Revised submissions must have all changes highlighted in the Word document.

Confidence intervals and effect sizes are expected, not standard errors of the mean.

The journal also publishes brief communications, not to exceed 265 lines of 12-point Times Roman type (including references) and no more than two figures or tables.

Authors are strongly encouraged to videotape their study and submit short illustrative video files depicting their materials and procedures. Video files should depict the measured responses (coding schemas or ethogram) and in the case of experimental studies, the procedure of each experimental condition.

Manuscript Preparation

Prepare manuscripts according to the Publication Manual of the American Psychological Association (6th edition). Manuscripts may be copyedited for bias-free language (see Chapter 3 of the Publication Manual).

Review APA's Checklist for Manuscript Submission before submitting your article.

Double-space all copy. Other formatting instructions, as well as instructions on preparing tables, figures, references, metrics, and abstracts, appear in the Manual.

Below are additional instructions regarding the preparation of display equations, computer code, and tables.

Display Equations

We strongly encourage you to use MathType (third-party software) or Equation Editor 3.0 (built into pre-2007 versions of Word) to construct your equations, rather than the equation support that is built into Word 2007 and Word 2010. Equations composed with the built-in Word 2007/Word 2010 equation support are converted to low-resolution graphics when they enter the production process and must be rekeyed by the typesetter, which may introduce errors.

To construct your equations with MathType or Equation Editor 3.0:

  • Go to the Text section of the Insert tab and select Object.
  • Select MathType or Equation Editor 3.0 in the drop-down menu.

If you have an equation that has already been produced using Microsoft Word 2007 or 2010 and you have access to the full version of MathType 6.5 or later, you can convert this equation to MathType by clicking on MathType Insert Equation. Copy the equation from Microsoft Word and paste it into the MathType box. Verify that your equation is correct, click File, and then click Update. Your equation has now been inserted into your Word file as a MathType Equation.

Use Equation Editor 3.0 or MathType only for equations or for formulas that cannot be produced as Word text using the Times or Symbol font.

Computer Code

Because altering computer code in any way (e.g., indents, line spacing, line breaks, page breaks) during the typesetting process could alter its meaning, we treat computer code differently from the rest of your article in our production process. To that end, we request separate files for computer code.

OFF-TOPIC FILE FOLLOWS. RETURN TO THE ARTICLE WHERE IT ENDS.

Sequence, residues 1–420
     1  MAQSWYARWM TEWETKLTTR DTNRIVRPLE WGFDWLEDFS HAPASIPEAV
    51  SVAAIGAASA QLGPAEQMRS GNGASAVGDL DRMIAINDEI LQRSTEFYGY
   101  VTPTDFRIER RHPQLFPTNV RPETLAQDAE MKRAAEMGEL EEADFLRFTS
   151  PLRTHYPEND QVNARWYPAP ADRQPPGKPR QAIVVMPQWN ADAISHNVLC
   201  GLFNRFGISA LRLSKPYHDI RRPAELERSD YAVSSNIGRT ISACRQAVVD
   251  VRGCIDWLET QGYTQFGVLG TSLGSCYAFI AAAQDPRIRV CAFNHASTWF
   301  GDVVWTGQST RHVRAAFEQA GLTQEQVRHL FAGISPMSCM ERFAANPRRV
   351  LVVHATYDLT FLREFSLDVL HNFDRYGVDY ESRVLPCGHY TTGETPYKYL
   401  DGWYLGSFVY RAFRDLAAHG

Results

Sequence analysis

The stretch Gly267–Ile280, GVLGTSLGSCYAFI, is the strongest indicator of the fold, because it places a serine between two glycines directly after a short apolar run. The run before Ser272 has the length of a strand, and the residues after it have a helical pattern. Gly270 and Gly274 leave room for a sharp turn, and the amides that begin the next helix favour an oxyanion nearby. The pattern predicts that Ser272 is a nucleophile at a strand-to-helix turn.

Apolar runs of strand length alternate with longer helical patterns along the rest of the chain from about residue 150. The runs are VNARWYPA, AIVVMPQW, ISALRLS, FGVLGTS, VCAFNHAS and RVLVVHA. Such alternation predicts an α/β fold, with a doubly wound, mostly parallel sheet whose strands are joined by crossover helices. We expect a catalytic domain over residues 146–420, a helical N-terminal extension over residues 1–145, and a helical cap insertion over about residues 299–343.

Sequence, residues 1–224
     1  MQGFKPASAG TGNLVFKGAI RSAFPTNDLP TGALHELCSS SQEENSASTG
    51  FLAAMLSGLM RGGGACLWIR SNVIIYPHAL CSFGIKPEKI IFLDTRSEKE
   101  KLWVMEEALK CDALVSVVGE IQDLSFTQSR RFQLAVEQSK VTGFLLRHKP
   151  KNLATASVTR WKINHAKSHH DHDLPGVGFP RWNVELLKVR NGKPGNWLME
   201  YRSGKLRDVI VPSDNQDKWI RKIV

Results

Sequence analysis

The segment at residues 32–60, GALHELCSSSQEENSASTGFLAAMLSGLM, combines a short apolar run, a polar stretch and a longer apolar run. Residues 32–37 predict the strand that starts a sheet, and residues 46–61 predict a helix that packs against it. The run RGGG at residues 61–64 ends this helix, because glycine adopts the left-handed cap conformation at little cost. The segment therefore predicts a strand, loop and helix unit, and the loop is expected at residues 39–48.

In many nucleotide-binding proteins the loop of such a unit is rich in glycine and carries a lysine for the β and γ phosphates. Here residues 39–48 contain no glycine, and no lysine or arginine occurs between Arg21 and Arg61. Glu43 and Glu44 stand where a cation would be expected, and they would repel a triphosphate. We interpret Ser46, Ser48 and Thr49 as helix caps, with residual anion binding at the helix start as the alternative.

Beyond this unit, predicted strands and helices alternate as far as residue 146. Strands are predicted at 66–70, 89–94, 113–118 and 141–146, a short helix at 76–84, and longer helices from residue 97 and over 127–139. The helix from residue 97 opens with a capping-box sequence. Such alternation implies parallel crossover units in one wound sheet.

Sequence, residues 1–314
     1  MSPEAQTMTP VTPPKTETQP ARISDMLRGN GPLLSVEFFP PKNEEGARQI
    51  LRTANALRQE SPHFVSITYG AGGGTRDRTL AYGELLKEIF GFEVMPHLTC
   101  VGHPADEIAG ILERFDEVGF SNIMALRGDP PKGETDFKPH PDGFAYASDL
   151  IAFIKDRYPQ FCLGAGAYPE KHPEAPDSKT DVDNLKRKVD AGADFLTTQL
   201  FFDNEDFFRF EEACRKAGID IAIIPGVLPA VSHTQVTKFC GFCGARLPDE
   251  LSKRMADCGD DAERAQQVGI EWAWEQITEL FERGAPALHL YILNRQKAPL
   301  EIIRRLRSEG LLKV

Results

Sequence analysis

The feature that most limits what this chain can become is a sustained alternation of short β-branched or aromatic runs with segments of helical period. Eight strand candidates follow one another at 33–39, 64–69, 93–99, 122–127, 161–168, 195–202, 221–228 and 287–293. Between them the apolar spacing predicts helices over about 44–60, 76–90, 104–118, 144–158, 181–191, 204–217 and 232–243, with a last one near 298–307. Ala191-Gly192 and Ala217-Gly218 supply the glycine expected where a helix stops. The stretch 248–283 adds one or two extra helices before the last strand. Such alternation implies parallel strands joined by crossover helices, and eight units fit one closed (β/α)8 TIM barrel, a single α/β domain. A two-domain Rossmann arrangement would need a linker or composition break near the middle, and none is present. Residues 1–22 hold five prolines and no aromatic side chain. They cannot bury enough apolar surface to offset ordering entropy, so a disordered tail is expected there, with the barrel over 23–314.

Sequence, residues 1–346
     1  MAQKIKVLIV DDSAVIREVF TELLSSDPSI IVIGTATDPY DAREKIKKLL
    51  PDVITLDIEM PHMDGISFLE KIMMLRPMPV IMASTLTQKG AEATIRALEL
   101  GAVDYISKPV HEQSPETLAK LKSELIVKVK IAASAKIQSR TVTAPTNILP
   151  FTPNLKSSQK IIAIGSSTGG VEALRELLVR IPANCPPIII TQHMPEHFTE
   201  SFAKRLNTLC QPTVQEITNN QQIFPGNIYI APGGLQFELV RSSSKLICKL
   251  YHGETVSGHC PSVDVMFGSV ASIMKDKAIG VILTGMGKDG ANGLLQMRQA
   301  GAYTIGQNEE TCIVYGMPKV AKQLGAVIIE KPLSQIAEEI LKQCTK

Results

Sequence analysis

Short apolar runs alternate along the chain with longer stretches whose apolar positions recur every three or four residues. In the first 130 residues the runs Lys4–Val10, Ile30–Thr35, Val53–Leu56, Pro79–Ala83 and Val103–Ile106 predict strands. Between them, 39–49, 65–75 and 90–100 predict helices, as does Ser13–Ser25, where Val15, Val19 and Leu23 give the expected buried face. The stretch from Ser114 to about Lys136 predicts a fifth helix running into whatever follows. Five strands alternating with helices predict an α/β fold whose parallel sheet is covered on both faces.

In Online Supplemental Material
We request that runnable source code be included as supplemental material to the article. For more information, visit Supplementing Your Article With Online Material.

In the Text of the Article
If you would like to include code in the text of your published manuscript, please submit a separate file with your code exactly as you want it to appear, using Courier New font with a type size of 8 points. We will make an image of each segment of code in your article that exceeds 40 characters in length. (Shorter snippets of code that appear in text will be typeset in Courier New and run in with the rest of the text.) If an appendix contains a mix of code and explanatory text, please submit a file that contains the entire appendix, with the code keyed in 8-point Courier New.


Use Word's Insert Table function when you create tables. Using spaces or tabs in your table will create problems when the table is typeset and may result in errors.

Submitting Supplemental Materials

APA can place supplemental materials online, available via the published article in the PsycARTICLES® database. Please see Supplementing Your Article With Online Material for more details.

Abstract and Keywords

All manuscripts must include an abstract containing a maximum of 250 words typed on a separate page. After the abstract, please supply up to five keywords or brief phrases.


List references in alphabetical order. Each listed reference should be cited in text, and each text citation should be listed in the References section.

Examples of basic reference formats:

  • Journal Article:
    Hughes, G., Desantis, A., & Waszak, F. (2013). Mechanisms of intentional binding and sensory attenuation: The role of temporal prediction, temporal control, identity prediction, and motor prediction. Psychological Bulletin, 139, 133–151.
  • Authored Book:
    Rogers, T. T., & McClelland, J. L. (2004). Semantic cognition: A parallel distributed processing approach. Cambridge, MA: MIT Press.